3. As has been the case in previous games between these AFC North foes in the John Harbaugh era, the team that wins the turnover battle will win the game. Of the six games played between the Ravens and Bengals over the last three seasons, the team that’s committed fewer turnovers is 4-0. Giveaways have become a problem for the Ravens as they’ve committed at least one in their last eight games and have two or more in six of their last eight. Baltimore is 2-3 when losing the turnover battle this season, and coaches and players talked most of the week about their need to take better care of the football. Winning the turnover battle is a simple principle obeyed by successful teams, but the Ravens have only done it once in their last five games. They’re 3-2 over that stretch, but that trend is unlikely to continue. Cincinnati’s 13 takeaways are tied for seventh in the AFC and their plus-3 turnover ratio is tied for 10th in the NFL. The Ravens’ 18 takeaways rank fourth in the AFC, but their pace has slowed considerably with just four forced turnovers in their last five games.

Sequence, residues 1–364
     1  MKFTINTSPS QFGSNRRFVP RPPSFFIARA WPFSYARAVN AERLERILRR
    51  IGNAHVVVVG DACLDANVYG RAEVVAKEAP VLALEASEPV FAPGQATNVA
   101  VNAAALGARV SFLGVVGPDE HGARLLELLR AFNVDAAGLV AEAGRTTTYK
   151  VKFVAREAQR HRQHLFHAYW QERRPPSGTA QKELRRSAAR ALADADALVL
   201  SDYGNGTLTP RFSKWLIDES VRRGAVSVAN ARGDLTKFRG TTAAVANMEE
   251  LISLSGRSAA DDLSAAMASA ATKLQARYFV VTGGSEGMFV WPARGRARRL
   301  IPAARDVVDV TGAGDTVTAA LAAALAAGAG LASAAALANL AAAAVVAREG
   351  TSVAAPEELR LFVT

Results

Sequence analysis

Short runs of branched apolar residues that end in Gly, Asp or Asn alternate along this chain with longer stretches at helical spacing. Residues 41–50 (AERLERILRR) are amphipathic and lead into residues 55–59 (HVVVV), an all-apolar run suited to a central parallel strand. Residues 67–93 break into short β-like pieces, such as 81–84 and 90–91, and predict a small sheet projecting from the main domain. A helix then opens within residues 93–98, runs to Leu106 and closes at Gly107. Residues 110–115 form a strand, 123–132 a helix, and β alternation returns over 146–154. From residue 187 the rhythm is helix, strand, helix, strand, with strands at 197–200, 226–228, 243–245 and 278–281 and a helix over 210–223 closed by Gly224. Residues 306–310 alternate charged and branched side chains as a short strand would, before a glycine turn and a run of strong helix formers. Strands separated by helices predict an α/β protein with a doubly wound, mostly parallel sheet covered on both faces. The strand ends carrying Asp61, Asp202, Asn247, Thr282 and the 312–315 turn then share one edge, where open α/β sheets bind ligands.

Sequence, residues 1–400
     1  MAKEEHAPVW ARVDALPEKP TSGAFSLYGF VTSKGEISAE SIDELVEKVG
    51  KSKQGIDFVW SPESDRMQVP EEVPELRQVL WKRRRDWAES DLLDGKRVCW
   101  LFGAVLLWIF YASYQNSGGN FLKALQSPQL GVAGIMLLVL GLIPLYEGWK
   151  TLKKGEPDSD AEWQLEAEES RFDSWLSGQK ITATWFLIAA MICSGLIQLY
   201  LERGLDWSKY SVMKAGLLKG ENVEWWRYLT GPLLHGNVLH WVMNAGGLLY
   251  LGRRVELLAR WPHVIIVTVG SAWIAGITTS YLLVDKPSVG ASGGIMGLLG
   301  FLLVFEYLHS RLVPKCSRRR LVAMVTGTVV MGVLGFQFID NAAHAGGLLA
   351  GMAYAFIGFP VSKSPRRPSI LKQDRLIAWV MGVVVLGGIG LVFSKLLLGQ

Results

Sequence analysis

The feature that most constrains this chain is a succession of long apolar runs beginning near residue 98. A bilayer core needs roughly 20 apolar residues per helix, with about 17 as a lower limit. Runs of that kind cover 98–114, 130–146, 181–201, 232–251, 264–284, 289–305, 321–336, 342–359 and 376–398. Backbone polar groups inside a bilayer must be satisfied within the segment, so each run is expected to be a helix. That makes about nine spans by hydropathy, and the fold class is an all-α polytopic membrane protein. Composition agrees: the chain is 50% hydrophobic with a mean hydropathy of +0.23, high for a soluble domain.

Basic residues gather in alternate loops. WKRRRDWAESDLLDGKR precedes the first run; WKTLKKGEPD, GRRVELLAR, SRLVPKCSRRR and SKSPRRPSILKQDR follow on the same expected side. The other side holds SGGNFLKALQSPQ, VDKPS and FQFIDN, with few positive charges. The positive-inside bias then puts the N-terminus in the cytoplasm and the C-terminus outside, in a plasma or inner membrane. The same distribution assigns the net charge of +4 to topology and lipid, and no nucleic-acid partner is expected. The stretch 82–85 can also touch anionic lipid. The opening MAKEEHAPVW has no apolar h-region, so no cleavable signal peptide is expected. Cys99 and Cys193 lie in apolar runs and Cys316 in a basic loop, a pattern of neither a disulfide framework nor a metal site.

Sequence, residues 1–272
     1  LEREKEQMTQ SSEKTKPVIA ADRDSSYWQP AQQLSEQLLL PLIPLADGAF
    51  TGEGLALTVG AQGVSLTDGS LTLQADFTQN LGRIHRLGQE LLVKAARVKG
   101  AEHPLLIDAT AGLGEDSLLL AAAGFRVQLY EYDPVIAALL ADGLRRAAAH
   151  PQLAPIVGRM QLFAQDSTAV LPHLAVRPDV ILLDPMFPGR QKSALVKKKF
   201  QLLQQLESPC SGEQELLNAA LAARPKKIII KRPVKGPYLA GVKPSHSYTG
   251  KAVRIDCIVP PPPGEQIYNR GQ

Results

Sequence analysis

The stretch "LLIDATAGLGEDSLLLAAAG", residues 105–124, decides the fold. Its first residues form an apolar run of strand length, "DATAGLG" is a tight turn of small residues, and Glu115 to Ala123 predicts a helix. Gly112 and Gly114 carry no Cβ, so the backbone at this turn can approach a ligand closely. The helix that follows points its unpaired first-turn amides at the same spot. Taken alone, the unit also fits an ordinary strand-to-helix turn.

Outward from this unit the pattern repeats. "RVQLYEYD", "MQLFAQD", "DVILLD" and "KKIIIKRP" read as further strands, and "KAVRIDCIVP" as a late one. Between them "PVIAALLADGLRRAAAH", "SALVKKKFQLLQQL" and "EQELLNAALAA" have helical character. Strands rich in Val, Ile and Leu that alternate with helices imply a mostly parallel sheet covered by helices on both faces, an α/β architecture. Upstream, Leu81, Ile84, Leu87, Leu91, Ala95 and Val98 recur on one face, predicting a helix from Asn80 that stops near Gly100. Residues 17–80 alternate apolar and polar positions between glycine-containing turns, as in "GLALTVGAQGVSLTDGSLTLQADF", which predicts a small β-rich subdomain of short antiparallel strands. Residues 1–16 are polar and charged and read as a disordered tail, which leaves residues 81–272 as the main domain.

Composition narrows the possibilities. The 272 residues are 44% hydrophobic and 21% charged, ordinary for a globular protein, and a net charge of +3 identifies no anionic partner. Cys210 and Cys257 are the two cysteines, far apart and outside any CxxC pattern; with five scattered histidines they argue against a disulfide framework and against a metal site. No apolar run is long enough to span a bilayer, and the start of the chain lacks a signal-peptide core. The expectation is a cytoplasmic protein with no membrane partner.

4. Ed Reed will break his eight-game interception drought with an important second-half pick of Dalton. With Lewis expected to miss his first game since the 2007 season, Reed becomes the elder statesman of the Baltimore defense. The Ravens have several veterans to try to fill the void of Lewis’ leadership, but they would surely benefit from a big play by the free safety, who’s been very quiet since sustaining a shoulder stinger in the loss to Jacksonville on Oct. 24. The Bengals will try to keep their offense moving on the ground, but Dalton will have to try to make a few plays to beat the Ravens in their home stadium. Rookie phenom receiver A.J. Green is unlikely to be available, meaning the Bengals will lack a deep threat to consume Reed’s attention in the backfield. That will allow him to freelance a bit more, making him especially dangerous against an inexperienced signal caller. Reed will bait Dalton into throwing an interception in the second half, setting up the Ravens offense on a short field for a key score.